Saturday, June 27, 2015

Flight Behaviour by Barbara Kingsolver (and a re-scoring of Gone Girl)

I finished reading Flight Behaviour by Barbara Kingsolver last night. I’m in two minds about Barbara Kingsolver’s books (I’ve read The Poisonwood Bible and now this one); on the one hand, her writing is often beautiful, sometimes perfect. In Flight Behaviour, I loved her depictions of marriage and motherhood (the children in this book reminded me so much of Moses and Hazel). Two tastes:

But being a stay-at-home mom was the loneliest kind of lonely, in which she was always and never by herself. Days and days, hours and hours within them, and days within weeks, at the end of which she might not ever have gotten completely dressed or read any word longer than Chex, any word not ending in –os, or formed a sentence or brushed her teeth or left a single footprint outside the house. Just motherhood, with its routine costs of providing a largesse that outstripped her physical dimensions. She’d seen ewes in the pasture whose sixty-pound twins would run underneath together and bunt the udders to release the milk with sharp upward thrusts, jolting the mother’s hindquarters off the ground. That was the picture, overdrawn. A gut-twisting life of love, consecrated by the roof and walls that contained her and the air she was given to breathe. (page 59-60) 


 “I knocked,” Hester declared. “Where were you?”

“Just cleaning, moving some stuff around on the back porch,” Dellarobia lied. She took a quick inventory of the things Hester would hold against her this morning: breakfast dishes in the sink, Cordie in just a diaper and shirt. She’d tried to get her dressed, but the child had pelted her all morning with a hail of no; she felt like a woman stoned for the sin of motherhood. (page 127)

I love Kingsolvers writing. I love the stories she tells.

But. (The other hand.) In both The Poisonwood Bible and Flight Behaviour I found myself thinking, “I’m being taught a lesson here!” and not in a reflective, “I’m similar to this character, and her relationships are shining fresh light on me and relationships in my life” way, but in a purposeful way that felt far too obvious and therefore patronising. The word I used to describe what I didn’t like about The Poisonwood Bible was ‘didactic’; I was disappointed to have to revive the description for this book, too. In Flight Behaviour, the lesson’s on climate change, which is a worthy topic to lecture people about, I have no problem with that; perhaps it’s the unsubtlety of the lecture that bothers me most (teach me sneakily! I don’t want to notice that I’m being taught something!).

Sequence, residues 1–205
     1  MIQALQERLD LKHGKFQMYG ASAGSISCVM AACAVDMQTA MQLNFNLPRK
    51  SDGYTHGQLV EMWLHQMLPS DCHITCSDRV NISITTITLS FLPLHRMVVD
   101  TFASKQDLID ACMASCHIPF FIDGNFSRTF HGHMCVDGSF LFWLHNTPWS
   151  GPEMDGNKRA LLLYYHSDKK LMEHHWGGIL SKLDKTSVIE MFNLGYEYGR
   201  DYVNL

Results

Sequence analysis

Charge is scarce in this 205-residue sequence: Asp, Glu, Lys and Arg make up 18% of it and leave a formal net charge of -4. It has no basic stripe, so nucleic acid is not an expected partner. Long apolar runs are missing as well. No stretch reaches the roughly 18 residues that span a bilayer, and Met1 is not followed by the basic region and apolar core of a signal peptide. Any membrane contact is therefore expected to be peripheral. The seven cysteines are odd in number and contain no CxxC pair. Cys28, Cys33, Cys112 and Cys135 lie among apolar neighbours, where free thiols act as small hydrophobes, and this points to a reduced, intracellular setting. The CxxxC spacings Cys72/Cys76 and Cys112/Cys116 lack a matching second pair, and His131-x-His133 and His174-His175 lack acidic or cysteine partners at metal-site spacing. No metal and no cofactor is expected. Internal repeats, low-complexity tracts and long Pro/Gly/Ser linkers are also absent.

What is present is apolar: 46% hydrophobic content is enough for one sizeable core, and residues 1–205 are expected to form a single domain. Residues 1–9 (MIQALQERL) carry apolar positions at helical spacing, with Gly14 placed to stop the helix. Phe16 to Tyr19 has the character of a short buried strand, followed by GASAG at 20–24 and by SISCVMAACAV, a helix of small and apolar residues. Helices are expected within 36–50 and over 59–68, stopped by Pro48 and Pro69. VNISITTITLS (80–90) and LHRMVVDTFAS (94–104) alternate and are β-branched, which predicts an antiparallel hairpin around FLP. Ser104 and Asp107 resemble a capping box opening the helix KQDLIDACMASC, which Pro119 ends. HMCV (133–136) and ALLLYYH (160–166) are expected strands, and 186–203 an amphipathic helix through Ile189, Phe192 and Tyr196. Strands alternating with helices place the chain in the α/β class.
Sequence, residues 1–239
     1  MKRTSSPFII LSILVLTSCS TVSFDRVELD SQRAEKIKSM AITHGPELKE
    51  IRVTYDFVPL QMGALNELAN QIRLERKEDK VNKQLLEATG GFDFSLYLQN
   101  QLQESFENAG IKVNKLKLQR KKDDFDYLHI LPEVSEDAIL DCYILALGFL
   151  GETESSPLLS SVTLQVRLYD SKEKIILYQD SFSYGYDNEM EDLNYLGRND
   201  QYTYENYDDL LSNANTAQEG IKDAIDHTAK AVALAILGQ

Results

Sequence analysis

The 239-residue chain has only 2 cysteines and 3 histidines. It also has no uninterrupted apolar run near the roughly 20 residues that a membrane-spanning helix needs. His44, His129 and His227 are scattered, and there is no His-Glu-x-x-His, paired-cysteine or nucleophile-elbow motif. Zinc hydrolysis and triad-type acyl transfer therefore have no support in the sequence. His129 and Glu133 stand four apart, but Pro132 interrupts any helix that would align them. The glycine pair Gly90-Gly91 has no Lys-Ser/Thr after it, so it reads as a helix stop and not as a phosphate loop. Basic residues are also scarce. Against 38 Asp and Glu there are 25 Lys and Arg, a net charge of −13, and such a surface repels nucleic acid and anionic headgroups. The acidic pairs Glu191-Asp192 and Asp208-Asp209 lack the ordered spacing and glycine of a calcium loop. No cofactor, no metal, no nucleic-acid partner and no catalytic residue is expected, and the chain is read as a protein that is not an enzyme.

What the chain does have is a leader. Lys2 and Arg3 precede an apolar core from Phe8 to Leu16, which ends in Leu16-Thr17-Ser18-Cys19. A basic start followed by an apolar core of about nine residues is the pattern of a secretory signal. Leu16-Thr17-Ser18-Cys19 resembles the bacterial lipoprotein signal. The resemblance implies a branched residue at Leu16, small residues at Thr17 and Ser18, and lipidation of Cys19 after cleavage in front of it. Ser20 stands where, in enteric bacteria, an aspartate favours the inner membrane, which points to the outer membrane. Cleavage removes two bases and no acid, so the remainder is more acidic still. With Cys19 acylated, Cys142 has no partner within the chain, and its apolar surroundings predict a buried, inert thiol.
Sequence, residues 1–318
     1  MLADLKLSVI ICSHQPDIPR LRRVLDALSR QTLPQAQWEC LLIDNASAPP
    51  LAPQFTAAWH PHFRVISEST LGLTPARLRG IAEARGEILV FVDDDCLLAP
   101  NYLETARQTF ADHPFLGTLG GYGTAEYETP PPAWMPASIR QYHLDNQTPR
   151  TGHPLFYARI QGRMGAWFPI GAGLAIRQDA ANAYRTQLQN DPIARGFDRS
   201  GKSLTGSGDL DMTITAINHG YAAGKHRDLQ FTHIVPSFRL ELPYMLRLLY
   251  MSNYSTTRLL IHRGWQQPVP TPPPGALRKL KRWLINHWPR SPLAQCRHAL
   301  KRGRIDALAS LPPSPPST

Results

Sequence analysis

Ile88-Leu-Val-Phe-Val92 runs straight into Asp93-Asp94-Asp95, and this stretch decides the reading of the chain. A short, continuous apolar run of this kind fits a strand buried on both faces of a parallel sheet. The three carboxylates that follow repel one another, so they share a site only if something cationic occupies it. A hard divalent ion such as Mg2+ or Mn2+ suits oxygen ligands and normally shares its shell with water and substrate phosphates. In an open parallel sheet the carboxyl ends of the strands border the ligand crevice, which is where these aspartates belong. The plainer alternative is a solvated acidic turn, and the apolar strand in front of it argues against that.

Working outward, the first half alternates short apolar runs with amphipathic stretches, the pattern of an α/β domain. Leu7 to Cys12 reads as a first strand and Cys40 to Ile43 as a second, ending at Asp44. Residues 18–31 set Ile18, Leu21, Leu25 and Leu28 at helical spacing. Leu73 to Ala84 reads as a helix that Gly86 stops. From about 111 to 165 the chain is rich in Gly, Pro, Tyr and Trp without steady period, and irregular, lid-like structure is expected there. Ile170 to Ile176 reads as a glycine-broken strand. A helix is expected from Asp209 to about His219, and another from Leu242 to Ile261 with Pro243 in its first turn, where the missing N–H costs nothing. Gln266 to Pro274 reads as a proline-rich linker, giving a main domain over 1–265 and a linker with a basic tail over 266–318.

Despite feeling annoyed by the teachiness of parts, I really liked this book and have now spent quite some time googling and being amazed by images of the phenomenon it speaks about (no spoilers!). The writing scores 4.5 out of 5, and then I’ll take 2 points off for obviousness and score it 2.5 out of 5. But then I’ll add an extra point because I did actually enjoy it and I want you to read it, too, so that’d be 3.5 out of 5. Maybe just 3… Let’s just say 7 out of 10.


In Flight Behaviour, the main character’s name is Dellarobia, which I think is beautiful, though it’s a mouthful. At the beginning of the book I was pronouncing it “della–row–bia” (as in row, row, row your boat), but a few chapters in someone says it slowly and it’s clear the name’s actually pronounced “della-robbia”, which I don’t like nearly as much. So throughout the remainder of the book I argued with myself, with one part of my brain wanting to stick with my preferred pronunciation, and the other part thinking, “You have to say it right! It’s obviously not pronounced that way, so let it go! If you pronounce it incorrectly while speaking about the book, you’ll sound like an idiot!” It was distracting. (This is my issue, not Kingsolvers. No points were removed for Dellarobia.)

Speaking of scoring books, I’ve been thinking more about Gone Girl since my last post, and I’ve decided I liked it more than I thought I did when I first finished it. It was very clever, and the ending was the right one, even though it left me wishing for more retribution, but I think that was kinda the point. So I’ll bump that one up to 4.25 out of 5/8.5 out of 10.

1 comment:

  1. I want to read Flight Behaviour after those excerpts now.